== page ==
Lies, damned lies and statistics

Cyber-crime figures are a dime or dozen but are they really improving your security, asks Ken Munro.

Lies, Damned Lies and Statistics
Lies, Damned Lies and Statistics

Cyber-crime surveys are routinely churned out by the security industry, analysing everything from cost per breach to the geographical distribution of cyber-crime. They're generally used to cite statistics at the board in order to justify spend. But are these reports really helping to improve security or are they simply contributing to the usual fug of Fear, Uncertainty and Doubt (FUD)?

There is certainly a need for cyber-security analysis. Businesses want to understand why breaches occur, and what they can do to mitigate the threats. But cyber-crime reports tend to be peppered with sketchy statements that often fail to identify the threat vectors. For instance, I recently heard the BBC News report that '33 percent of SME businesses have been attacked by an unauthorised outsider'; a little gem of a statement prised from the BIS 2014 Information Security Breaches Survey.

There was no discussion about the type of attack: A virus infection? A port scan? A phishing attack? Cryptolocker? An exploit attempt that was blocked? The vague reference made it nigh on impossible to deduce any meaningful risk-decision or draft any remedial actions. So what was the point then? Surely not to drum-up yet more trade for the consultants who just happened to sponsor the paper?

In the absence of substance you are better off working from genuine threat intelligence. Threat intel is an emerging market, with companies that can give you the lowdown on the sorts of threats and attacks specific to your industry. However they can be expensive, in order to justify the cost you might need to prove to the board that there is a problem in the first place.

This is where DIY threat intel gathering really comes into its own, it's possible to pinpoint the type of malware threats being targeted against your organisation, starting with a honeynet.

By creating fake social media profiles for mock employees, and corresponding company email addresses, we can identify unsolicited emails including those carrying malware. The majority of attacks start with a spear-phish, with the attacker doing some research to identify which people to target in the organisation. If you set up a fake email account on your domain solely for the purpose of monitoring attackers, you can then capture, isolate and identify the threat before it can be triggered. You could then reverse engineer the malware, find out where the connection back goes to, then get the sample and destination IP address on to VirusTotal to publicise the threat.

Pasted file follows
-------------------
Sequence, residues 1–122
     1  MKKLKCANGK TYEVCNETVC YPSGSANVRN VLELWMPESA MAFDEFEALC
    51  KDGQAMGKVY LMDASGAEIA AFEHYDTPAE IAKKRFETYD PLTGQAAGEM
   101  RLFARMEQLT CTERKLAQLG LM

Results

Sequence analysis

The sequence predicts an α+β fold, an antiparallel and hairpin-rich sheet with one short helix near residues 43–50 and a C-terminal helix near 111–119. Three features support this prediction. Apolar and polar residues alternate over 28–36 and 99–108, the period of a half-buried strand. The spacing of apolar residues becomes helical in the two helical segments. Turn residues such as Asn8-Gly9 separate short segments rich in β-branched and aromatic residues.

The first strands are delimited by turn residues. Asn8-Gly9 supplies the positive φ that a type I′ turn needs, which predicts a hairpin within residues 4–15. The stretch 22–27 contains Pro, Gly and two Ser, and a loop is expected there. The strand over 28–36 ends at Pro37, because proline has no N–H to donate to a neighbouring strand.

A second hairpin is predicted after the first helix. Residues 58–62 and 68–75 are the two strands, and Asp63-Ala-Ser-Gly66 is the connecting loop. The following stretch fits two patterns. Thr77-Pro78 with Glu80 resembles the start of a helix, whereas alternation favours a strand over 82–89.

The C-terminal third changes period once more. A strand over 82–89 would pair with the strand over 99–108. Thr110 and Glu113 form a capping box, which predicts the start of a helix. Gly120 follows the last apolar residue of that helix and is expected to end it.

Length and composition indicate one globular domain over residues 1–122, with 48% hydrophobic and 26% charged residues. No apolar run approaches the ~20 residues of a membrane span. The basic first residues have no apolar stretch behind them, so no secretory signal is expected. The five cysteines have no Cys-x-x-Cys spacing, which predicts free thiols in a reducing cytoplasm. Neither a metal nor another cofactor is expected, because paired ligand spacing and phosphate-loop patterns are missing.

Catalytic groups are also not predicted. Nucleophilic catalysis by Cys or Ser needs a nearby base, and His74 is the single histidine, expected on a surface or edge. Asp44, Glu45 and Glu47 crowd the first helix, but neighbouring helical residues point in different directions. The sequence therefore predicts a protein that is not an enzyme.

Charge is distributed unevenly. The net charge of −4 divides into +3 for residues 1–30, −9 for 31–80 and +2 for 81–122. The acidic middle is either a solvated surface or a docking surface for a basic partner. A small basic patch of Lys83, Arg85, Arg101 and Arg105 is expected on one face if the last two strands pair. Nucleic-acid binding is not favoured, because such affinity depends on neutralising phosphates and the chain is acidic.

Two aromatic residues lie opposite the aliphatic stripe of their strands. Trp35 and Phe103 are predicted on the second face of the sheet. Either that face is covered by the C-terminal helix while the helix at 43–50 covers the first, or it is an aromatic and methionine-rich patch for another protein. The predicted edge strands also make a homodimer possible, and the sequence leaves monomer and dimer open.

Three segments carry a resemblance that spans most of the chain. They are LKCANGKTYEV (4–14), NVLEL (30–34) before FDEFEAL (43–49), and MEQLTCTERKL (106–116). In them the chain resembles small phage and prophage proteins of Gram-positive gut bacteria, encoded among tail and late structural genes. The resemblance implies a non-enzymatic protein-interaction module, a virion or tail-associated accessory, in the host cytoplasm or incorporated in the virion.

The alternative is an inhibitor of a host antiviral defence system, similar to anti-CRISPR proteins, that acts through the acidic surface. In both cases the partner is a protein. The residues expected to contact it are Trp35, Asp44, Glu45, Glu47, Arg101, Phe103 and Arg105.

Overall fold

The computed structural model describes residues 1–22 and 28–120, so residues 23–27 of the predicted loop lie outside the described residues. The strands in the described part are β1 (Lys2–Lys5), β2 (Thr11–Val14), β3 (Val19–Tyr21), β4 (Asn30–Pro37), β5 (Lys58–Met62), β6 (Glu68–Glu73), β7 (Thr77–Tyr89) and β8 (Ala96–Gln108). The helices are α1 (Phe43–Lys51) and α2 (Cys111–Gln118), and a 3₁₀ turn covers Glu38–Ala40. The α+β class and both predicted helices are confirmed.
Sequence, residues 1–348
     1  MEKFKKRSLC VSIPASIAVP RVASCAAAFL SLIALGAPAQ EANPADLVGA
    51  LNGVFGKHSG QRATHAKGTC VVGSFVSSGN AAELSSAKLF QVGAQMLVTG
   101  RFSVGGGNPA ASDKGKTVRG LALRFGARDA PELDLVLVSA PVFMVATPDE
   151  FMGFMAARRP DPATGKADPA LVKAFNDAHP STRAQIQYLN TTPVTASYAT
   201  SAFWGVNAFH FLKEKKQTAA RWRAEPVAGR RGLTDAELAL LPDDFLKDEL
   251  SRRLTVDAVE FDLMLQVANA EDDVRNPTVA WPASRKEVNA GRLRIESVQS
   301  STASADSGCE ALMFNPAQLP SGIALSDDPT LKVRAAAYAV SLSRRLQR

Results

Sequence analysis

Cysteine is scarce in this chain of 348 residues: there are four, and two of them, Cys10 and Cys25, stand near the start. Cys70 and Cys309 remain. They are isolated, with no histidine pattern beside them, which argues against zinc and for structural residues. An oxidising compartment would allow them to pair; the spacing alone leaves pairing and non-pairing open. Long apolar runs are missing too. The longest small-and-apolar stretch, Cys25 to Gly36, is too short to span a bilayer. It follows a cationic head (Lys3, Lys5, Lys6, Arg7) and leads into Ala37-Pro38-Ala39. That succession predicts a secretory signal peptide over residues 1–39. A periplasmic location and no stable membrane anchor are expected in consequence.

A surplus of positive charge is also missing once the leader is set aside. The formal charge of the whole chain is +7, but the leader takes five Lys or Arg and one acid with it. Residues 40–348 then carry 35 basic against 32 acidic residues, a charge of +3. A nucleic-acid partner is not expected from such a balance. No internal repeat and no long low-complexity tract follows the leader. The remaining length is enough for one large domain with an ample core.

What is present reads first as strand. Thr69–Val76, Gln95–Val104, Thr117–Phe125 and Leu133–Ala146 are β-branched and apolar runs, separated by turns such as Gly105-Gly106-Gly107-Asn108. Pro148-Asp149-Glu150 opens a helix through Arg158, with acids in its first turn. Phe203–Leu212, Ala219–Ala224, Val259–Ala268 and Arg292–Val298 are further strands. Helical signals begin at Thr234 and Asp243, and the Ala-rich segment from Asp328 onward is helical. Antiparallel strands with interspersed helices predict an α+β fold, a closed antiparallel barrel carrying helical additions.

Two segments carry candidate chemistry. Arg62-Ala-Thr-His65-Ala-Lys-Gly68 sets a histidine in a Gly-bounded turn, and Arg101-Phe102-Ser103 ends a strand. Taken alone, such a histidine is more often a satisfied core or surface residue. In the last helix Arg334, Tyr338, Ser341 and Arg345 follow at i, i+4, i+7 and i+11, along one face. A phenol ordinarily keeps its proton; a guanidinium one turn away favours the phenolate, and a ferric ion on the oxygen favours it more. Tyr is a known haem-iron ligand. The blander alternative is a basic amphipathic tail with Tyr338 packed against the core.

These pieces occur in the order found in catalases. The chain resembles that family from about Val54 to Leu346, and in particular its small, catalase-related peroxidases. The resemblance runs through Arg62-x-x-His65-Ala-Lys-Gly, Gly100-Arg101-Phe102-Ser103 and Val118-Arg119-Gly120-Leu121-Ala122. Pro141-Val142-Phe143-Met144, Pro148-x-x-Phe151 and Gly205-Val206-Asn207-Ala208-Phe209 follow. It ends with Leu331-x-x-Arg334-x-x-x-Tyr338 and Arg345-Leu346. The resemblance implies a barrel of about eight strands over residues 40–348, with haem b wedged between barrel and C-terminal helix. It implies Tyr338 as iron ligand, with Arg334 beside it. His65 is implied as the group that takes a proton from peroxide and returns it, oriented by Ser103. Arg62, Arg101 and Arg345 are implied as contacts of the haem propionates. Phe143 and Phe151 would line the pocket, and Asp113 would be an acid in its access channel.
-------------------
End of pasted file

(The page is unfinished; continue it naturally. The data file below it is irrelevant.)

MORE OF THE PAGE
Similarly, you can also test the viability of corporate anti-virus solutions. AV vendors claim to have high capture rates but few users bother to verify if their AV is working effectively for them. It's relatively straightforward to do, using available tools, some freeware, and some commercial kit and if the capture rate is less than expected it gives you ample justification to jump ship or negotiate new licence terms.

You can also create a computer honeypot. This is a fake server or machine, sat on your network that looks like it is vulnerable to various attacks. What appears to be a soft target to attackers is in fact a threat intel gathering machine. Over time it will show you exactly what is being thrown at you, so you can adjust your security accordingly.

Self-testing aside, there is one thing all of us can do and that's to invest in cyber-liability insurance. I've heard countless tales of companies that have found that their bank account has been emptied or the business has been taken offline. A first party cyber-liability policy can protect the business in the event of a breach and is remarkably good value for money given the cover it provides.

Yes cyber-security surveys do have a place in creating interest and even spreading awareness of cyber-crime, but as to whether they really provide any meaningful insights and actionable intelligence? That's questionable. If we're going to gather real information, pertinent to our individual situation, to counter the cyber threat, we should at the very least be gathering our own threat intel.

So, take cyber-crime surveys with a large pinch of salt and do your best to make the case for a good threat intel service. To help your case you should self-test, and gather information from honeynets and honeypots. Not only will you have a solid grounding to justify the spend, you'll also have the hands-on visibility in the interim that many would kill for when making the case for security.

Ken Munro is founder and partner at Pen Test Partners